With successes such as these, it is clear why super-recognition is increasingly being seen as one of the most vital tools in the Met’s fight against crime.
Man or machine?
Super-recognisers are not the only tool open to the authorities when chasing a face.
The ever-expanding field of facial recognition software offers the mechanical alternative to human talent, the science against the art.
But which offers the best chance of catching the criminal, now and in the future?
The technology presents extraordinarily diverse options, from unlocking phones to feeding the right cat, but it is in the area of law-enforcement it provokes the strongest reactions.
While the principle is simple, taking measurements of prominent features and comparing it with a database of photos, the practice is fiendishly complex.
Prof Raouf Hamzaoui from the Faculty of Technology at De Montfort University, said: “In ideal conditions, computers can outperform people, going through millions of possibilities in seconds.
“But with low quality pictures, typical of CCTV, where there is darkness, facial coverings, blurring and so on, the software struggles and the human does better.
“And this is with average people, rather than super-recognisers.”
On top of this concerns about computer processing power, the reliability of databases and ever-present fears over civil liberties, have dogged the concept.
However, as with much technology, the potential of the system is only starting to be realised.
Prof Hamzaoui said: “The algorithms will be refined but for the time being, it looks like the human element will continue to win – after all it took millions of years of evolution to develop.
“The key is to match the right tool with the right situation.” “
In court, a criminal in America was sentenced to six years in prison – and they used maths to decide this sentence. In deciding to lock him up, the court noted that he had been identified as an “individual who is at high risk to the community” by something called a Compas (Correctional Offender Management Profiling for Alternative Sanctions) assessment. This is an algorithm.
Julia Angwin a journalist) says “Compas is basically a questionnaire that is given to criminals when they’re arrested,” she says. “And they ask a bunch of questions and come up with an assessment of whether you’re likely to commit a future crime. And that assessment is given in a score of one to 10.” A risk score might be used to decide if someone can be given bail, if they should be sent to prison or given some other kind of sentence, or – once they’re in prison – if they should be given parole.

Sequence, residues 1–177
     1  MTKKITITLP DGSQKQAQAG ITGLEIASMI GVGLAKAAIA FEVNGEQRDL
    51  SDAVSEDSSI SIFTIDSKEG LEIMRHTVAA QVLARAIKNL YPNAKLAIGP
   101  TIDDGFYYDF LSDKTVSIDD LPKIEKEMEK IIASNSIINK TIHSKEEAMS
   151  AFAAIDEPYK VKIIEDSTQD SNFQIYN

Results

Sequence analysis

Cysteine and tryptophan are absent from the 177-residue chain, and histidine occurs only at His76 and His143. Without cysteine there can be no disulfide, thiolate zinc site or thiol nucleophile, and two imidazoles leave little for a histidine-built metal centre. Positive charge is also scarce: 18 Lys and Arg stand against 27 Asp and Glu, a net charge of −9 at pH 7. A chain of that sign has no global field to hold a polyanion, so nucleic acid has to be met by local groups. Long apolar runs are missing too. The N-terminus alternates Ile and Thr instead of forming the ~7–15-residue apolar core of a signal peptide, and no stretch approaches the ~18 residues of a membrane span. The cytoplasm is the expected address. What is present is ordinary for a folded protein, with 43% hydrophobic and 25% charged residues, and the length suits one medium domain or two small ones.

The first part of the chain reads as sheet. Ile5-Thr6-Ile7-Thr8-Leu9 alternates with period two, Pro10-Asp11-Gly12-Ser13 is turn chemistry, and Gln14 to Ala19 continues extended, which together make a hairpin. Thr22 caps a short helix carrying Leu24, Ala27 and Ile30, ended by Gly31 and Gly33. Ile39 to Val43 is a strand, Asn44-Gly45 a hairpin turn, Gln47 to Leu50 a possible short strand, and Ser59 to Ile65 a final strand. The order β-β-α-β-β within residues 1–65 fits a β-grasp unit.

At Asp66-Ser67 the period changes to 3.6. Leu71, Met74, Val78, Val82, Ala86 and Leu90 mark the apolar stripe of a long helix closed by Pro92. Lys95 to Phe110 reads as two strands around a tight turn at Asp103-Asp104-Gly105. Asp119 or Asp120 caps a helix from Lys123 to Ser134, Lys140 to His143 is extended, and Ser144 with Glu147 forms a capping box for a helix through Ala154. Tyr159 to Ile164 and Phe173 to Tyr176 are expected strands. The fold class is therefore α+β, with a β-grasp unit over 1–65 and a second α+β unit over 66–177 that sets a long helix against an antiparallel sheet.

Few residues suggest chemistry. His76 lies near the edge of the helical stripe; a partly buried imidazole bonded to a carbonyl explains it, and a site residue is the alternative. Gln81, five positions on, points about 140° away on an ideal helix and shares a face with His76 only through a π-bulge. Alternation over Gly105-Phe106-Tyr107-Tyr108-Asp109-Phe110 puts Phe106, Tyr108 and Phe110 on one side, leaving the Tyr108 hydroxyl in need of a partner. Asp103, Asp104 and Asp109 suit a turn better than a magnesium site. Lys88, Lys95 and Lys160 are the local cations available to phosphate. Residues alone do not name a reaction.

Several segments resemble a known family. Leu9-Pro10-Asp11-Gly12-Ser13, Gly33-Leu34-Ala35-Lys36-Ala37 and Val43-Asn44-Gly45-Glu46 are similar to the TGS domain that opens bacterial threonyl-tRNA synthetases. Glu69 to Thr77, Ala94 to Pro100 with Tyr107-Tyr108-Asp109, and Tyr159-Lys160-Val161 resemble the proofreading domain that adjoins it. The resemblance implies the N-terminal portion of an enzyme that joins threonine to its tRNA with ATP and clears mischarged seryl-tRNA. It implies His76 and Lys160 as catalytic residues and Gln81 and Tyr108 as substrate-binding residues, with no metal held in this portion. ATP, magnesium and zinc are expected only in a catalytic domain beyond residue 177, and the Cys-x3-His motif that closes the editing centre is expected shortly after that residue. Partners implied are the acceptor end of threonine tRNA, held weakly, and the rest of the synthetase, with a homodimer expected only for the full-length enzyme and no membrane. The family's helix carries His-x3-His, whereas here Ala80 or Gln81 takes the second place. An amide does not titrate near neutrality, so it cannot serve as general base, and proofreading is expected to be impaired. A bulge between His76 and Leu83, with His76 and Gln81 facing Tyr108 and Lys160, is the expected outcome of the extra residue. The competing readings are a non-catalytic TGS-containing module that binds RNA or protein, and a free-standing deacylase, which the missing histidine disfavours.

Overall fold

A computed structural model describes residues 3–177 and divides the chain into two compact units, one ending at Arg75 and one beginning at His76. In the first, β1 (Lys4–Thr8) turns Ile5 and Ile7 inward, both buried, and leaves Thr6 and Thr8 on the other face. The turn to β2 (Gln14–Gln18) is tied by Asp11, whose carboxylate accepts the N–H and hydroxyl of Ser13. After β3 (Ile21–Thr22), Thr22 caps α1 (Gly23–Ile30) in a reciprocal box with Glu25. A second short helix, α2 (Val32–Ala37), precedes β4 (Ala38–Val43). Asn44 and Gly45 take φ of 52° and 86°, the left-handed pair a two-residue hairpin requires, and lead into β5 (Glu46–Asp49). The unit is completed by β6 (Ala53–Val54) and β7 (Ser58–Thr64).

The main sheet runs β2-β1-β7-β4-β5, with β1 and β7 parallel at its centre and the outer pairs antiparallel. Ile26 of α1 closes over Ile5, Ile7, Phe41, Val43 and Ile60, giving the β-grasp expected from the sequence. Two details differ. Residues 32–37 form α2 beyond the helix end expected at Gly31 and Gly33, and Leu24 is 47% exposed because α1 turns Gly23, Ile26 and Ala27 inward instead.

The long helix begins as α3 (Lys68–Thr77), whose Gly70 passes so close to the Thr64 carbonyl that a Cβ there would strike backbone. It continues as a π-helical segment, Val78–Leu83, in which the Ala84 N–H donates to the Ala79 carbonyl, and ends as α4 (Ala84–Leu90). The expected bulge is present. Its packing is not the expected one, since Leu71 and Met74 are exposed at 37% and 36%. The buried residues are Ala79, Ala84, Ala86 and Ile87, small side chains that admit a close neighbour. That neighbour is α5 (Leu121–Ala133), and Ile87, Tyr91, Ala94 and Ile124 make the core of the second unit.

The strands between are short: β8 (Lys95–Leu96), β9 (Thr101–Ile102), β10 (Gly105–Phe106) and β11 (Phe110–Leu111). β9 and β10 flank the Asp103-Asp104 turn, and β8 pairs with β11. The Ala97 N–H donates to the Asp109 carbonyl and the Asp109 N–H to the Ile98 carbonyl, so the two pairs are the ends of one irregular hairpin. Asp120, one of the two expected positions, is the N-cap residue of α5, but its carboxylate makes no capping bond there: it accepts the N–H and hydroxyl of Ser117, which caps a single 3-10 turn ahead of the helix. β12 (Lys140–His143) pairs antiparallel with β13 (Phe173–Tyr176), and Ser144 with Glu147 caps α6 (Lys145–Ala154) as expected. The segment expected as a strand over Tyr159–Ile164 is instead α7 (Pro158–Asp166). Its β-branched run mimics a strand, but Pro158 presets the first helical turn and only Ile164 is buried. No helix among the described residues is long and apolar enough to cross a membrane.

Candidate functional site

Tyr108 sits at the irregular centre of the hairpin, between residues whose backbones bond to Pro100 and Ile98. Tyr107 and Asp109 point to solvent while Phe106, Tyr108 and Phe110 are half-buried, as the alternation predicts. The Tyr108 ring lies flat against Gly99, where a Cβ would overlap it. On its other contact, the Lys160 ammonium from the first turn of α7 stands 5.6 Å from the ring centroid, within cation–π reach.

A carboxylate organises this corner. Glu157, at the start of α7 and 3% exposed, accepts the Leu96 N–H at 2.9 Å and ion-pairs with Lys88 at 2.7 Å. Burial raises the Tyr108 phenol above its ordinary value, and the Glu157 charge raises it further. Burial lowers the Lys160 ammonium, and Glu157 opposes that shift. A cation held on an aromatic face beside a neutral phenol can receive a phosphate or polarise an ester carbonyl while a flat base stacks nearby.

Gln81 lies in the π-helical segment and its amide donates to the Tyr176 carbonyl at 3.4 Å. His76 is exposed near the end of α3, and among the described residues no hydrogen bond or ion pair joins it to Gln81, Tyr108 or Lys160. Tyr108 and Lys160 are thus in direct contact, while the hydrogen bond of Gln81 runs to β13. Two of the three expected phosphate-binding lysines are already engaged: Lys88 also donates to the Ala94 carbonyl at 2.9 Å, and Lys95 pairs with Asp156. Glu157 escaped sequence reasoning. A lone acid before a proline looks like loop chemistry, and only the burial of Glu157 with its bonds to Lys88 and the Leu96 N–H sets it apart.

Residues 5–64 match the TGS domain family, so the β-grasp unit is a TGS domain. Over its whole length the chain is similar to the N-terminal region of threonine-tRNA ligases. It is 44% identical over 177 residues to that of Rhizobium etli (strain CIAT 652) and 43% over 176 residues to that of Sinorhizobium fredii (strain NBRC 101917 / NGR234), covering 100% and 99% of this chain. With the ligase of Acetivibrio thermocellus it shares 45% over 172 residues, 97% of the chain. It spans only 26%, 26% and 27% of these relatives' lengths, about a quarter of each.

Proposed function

The questions include things like: “Your criminal history, and whether anyone in your family has ever been arrested; whether you live in a crime-ridden neighbourhood; if you have friends who are in a gang; what your work history is; your school history. And then some questions about what is called criminal thinking, so if you agree or disagree with statements like ‘it’s okay for a hungry person to steal’.”
Compas and software like it is used across the US. The thinking is that if you use an algorithm that draws on lots of information about the criminal it will help make decisions less subjective – less liable to human error and bias or racism. For example, the questionnaire doesn’t ask about the defendant’s race, so that in theory means no decisions influenced by racism.
But how the algorithm gets from the answers to the score out of 10 is kept secret. “It’s a trade secret. The company doesn’t share it.”
Do you think it’s a good idea to use data like this to decide if someone should go to prison or not? Why?
Do you think it’s right that the company’s algorithm should be kept a secret from the people whose future is determined by it? What would YOU want to know about the algorithm?
This is based on an article by Simon Maybin on http://www.bbc.co.uk/news/magazine-37658374
Some sort of device that notifies me inside the house when it rains, so I can get my washing in quickly (& it mustn’t wake me up in the night!).
Please let me know what equipment I’d need, how it could be linked up, and what the programming would be (if This, Then That, Else This…). You can write it, draw it or flowchart it. Any ideas most welcome!
Benjy, we’re particularly looking forward to seeing the plans for your amazing invention..
Here’s Manahil’s alternative device (you see, solutions don’t always have to be high-tech!):